For the second time in two nights, the Senators found themselves in a goaltending duel that ended 2-1. This time, however, they ended up on the wrong side of that score. Linus Ullmark made 39 saves to stonewall the Sens, showing against why the Bruins’ netminder has been quite possibly the best goalie on the planet this year. Søgaard for his part looked solid, making 33 saves in a losing effort.
Dylan Gambrell broke a 50-game goal drought to open the scoring in the first period. It came after the Sens had come out flying against the Bruins, using an early powerplay to jump out to an 8-1 lead in shots.
The Bruins answered back though, first from 80-year-old David Krejci (actually only 36) on a well-executed 5-on-3, and then Jake DeBrusk on a slick forehand-backhand deke around Mads Søgaard. Amazingly, that did it for the scoring.
Søgaard’s play was especially notable as the game wore on. In the second period, the Sens’ tiredness on the second half of a back-to-back was evident: the shots were 21-15 for Ottawa in the period, but the Bruins had six high-danger chances to the Sens’ three. In the third, the Sens could only muster four shots to the Bruins’ nine. The Great Dane went toe-to-toe with the presumptive Vezina winner at the other end, not letting anything through the final two frames. It wasn’t enough though, as the Bruins pulled out the 2-1 victory.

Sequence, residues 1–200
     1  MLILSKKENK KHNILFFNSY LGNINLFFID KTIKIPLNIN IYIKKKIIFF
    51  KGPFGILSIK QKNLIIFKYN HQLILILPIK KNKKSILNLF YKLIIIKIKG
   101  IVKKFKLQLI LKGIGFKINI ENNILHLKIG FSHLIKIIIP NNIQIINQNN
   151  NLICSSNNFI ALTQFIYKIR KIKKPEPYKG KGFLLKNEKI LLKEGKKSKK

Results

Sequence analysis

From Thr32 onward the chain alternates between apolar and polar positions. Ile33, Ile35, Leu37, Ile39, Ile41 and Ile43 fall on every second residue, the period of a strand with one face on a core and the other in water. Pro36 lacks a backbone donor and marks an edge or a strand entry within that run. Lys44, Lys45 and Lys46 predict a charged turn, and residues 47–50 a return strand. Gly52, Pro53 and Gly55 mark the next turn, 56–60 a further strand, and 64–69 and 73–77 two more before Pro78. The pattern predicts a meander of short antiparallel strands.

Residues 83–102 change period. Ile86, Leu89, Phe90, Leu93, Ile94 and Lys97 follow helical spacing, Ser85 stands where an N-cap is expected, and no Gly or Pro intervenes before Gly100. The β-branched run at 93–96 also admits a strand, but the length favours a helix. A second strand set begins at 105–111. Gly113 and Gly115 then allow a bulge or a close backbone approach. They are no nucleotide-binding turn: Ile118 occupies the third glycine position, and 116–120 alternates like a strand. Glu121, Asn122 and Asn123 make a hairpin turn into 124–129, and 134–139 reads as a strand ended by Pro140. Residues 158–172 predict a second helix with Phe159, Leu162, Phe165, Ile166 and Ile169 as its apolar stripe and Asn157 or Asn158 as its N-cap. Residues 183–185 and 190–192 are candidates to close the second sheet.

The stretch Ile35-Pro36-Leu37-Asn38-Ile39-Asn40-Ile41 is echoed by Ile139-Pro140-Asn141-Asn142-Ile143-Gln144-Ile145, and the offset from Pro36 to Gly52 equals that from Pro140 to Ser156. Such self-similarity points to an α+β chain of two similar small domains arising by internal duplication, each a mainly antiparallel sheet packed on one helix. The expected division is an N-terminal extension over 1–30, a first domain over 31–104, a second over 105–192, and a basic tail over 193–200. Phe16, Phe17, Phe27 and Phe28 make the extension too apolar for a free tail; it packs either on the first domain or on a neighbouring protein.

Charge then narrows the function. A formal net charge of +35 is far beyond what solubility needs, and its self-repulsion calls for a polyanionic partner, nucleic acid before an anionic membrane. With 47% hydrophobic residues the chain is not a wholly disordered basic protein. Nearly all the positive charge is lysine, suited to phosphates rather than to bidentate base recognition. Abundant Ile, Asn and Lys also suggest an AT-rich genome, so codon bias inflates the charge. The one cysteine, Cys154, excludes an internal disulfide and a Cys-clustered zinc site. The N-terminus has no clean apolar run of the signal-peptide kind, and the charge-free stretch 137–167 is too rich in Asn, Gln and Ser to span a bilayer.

- What I really like about the Chabot-Brännström pairing is that both players can make long passes, both players can skate it out, and both guys can get open to be the guy to hit with the pass in stride. It makes a strong argument for having two puck-moving defencemen on the same pair. I really want to see Chabot, Sanderson, and Chychrun all in this team’s top four next year.
- Søgaard looked poised and confident tonight. Confidence seems to be a big part of goaltending, and he had it back. I also think he was probably just tired on the road trip. Giving him even a couple days off seemed to have helped him settle into his role this game.
- Tim Stützle was covered hard tonight. To be fair, the Bruins played the Bergeron-Marchand-Coyle line against him, arguably the best defensive forward group in the NHL. It just looked like he could never get the space he usually gets to set up for his wicked shots. Still, it’s impressive for our young German that the Bruins made a game plan to contain him specifically./